Sport: The enviable climate of the Canary Islands makes them the perfect holiday destination for sports lovers of all kinds, and Tenerife is no exception; virtually every sport is catered for on the island, with water sports facilities in abundance.
Deep-sea fishing: With some big fish potential in the catch, Tenerife is a great place from which to set sail to the briny blue and give deep fishing a go.
Diving: Immerse yourself in the colourful underwater world that swims beneath the waves of Tenerife's fascinating coastline. You may catch sight of barracudas and groupers as well as enjoying some close encounters with rays, turtles and sometimes even small sharks. Diving schools are located all over the island, especially in the south, at various beaches along the Costa Adeje coastline.
Sailing: Look out for the sports marinas (puerto deportivo), local sailing clubs and federations. You can rent yachts and catamarans for day excursions or longer trips.
Water-skiing: Experience the fantastic feeling of bobbing along on top of the waves with the wind whistling through your hair. Alternatively, bounce over the breakers on a jet ski, or parasail above the sparkling sea.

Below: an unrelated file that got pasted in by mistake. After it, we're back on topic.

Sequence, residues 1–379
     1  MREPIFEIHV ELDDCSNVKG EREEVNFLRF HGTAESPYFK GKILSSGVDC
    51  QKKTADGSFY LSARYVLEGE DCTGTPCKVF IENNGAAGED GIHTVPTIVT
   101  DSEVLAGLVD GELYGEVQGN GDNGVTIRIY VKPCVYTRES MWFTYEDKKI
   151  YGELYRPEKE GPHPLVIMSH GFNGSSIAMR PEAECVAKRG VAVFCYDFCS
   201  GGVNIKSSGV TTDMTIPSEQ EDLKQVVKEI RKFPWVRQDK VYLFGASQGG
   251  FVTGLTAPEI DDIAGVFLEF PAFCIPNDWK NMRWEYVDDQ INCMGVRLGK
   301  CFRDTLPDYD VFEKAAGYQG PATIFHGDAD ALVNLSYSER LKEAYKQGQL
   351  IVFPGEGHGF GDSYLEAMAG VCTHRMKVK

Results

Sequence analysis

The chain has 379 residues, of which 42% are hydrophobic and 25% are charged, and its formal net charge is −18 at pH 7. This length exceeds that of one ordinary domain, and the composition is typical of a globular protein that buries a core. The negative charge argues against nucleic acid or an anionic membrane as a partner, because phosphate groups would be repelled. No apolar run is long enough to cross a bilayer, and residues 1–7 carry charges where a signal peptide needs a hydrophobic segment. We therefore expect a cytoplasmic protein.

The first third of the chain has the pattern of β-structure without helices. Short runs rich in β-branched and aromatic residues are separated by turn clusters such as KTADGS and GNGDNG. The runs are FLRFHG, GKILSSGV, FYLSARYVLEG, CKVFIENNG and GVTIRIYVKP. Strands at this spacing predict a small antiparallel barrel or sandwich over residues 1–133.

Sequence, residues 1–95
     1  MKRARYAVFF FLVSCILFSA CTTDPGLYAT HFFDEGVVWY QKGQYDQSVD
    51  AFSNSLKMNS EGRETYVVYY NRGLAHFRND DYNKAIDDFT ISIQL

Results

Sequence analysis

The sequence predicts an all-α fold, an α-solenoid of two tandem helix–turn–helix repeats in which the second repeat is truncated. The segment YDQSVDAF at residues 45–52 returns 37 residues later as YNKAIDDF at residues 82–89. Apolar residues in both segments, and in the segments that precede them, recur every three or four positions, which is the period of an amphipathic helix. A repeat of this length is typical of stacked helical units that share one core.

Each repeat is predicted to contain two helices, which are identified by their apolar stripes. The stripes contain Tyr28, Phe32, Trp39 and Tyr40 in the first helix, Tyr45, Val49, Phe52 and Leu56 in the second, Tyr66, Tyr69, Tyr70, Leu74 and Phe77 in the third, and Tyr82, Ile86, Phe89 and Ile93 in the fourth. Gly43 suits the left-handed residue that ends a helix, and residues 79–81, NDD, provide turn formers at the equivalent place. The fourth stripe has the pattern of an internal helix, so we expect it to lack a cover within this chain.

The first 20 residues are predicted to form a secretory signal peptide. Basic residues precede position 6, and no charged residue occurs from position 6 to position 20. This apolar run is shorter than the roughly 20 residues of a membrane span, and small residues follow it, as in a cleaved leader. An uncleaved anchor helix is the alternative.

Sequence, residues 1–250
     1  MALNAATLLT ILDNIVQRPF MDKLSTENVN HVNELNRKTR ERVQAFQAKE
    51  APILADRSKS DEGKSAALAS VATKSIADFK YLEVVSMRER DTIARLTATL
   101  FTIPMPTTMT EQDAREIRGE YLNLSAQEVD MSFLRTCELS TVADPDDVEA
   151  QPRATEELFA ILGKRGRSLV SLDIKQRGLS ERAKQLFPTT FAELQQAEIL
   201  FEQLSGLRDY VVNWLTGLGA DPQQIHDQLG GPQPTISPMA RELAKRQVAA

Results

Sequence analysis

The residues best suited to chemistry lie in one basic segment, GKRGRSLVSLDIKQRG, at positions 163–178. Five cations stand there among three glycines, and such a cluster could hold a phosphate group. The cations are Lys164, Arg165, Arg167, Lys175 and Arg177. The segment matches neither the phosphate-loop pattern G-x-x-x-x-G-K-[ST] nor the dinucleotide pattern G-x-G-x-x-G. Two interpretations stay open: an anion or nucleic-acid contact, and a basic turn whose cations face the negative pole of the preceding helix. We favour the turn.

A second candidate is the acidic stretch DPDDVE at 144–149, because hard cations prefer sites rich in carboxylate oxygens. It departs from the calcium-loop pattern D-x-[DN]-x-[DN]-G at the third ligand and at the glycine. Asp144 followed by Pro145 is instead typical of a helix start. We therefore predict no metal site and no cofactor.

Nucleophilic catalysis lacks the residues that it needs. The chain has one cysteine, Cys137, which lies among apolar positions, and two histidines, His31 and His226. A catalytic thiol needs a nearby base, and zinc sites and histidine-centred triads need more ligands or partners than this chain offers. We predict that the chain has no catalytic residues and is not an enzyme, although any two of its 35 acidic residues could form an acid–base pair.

Windsurfing: This is one of the most popular sports as there's always a breeze in the air - sufficient to keep boarders skudding along the sea's surface. Windsurfing equipment can be hired at many places along the coast.
Cycling: Head for the hills and challenge yourself around the hairy mountain passes on a hired mountain bike, available in most resorts.
Hiking: If you're not up to the effort of cycling, don't miss out on the stunning countryside. With 21 marked trails through the Parque Nacional de las Canadas del Teide, you can take your time appreciating the wonders of Tenerife's amazing landscapes. Alternatively, there are spectacular walks through the Anaga Mountain region in the north-east and around the Valle de la Orotava, also in the north of the island. (Click on Things to See for more details).
Golf: Golfers from all over the world flock to Tenerife every year to enjoy indulging their passion on verdant green fairways and challenging courses with amazing ocean views to boot. There are numerous courses on the island.